Now in some respects, you might expect it from an older release but with a new release, this should never be the case. It’s easy to say that it was down to the record company and throw the blame on them. But surely Rick Wakeman would have had the sense to oversee the release and all that was being done with it. He always posts on his Youtube channel regularly these days keeping you up to date with what he is doing and never once have I seen him stick his hands up and say sorry guys the record or advertising company made a mistake.
Stereo & Surround Mixes.
Having looked at the main feature on the DVD and being somewhat disappointed with the whole shenanigans of how things have been done in the way of false advertising and having no 5.1 mix which is why I brought the thing in the first place. I found the bonus material just as disappointing. This is so unprofessional and not what I expected at all, even the footage they used they could not even be arsed to edit it to make it look any better.
Before the album was released last year I happened to watch Rick’s Tube channel and got to see him talk about the new album and how everything was progressing along. You also got to see some of the animations that was put to the music and band members such as guitarist Dave Colquhoun and bassist Lee Pomeroy show you some of the techniques they used with their instruments and how they went about recording them in their own little studio setups at home.
There was a total of around 15 – 18 video clips that were uploaded to his channel over the few months the album was being put together too which some were less than a minute. Others could stretch out between 2 – 9 minutes and these are the same video clips that make up the extra bonus material you get here. Each clip has a short intro and they have just left it in instead of editing it out to make it look more like an interview or discussion was going on with the footage. Something better than this should have been done with it and to leave the footage as it was is just pure laziness on their part.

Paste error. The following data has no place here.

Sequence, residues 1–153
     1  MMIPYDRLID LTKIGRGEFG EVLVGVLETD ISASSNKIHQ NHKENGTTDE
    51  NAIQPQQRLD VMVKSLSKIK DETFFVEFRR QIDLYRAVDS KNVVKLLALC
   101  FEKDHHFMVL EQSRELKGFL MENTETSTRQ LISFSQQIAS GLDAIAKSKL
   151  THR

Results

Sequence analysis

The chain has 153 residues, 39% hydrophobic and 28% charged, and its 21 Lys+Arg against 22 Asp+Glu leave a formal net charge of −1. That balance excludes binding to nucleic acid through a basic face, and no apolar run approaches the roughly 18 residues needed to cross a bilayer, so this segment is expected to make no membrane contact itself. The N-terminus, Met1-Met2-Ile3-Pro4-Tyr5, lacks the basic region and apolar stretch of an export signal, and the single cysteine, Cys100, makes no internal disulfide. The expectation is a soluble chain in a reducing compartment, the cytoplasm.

Summary & Conclusion…
To sum up and conclude my review of this latest reissue of the CD/DVD Edition of The Red Planet released by Madfish Records earlier this year. I think it’s plain to see that not everything went to plan with how Rick Wakeman intended the album to be put out in the first place. When I look at the animation that was put to the music in the bonus section I am pretty sure that Rick may have had every intention to do the same thing he did with the 5.1 DVD release of Out There back in 2003 by accompanying the music with animated footage to run along in sequence.
Granted due to the outspread of Covid things got delayed but in reality that should have given him more time to work things out properly but instead it appears that he’s cut corners with the release of this album to get it out there. Nevertheless there is no reason why this latest reissue could not have been given a 5.1 mix but at the end of the day I suppose once again its down to cost and its a shame because it is a very good album and deserved much better treatment.
It could be that Rick left it in the hands of Madfish Records to put out this release but to go out and blatantly falsely advertise it in the way in which they did, I simply cannot ignore and it appears that Wakeman’s latest releases are like doing dodgy deals with Del Trotter of Only Fools and Horses 😊😊😊. Furthermore when you put bonus material on a DVD one would expect to see something you have not already seen and the way that section of the DVD has been compiled and unedited is so unprofessional.
However, that’s not to say everything about this new reissue is a shambles and in comparison to the so-called expanded edition that Esoteric Recordings released of Jon Anderson’s debut album Olias Of Sunhillow I reviewed last month. This is a much better recording and even though the 5.1 Upmix is not worth bothering with the high-resolution stereo mix does bring out a lot more than the CD and the so-called 5.1 mix.
At the end of the day, there is still a certain amount of quality you get with this release but it’s not for surround FREAKS! like myself. However, if you are also into high-resolution stereo mixes that is the only way I would recommend this release and with how it’s all neatly packaged and its low price point of £11.99 I still think you are getting a good deal but perhaps not a bargain after all without the 5.1 mix.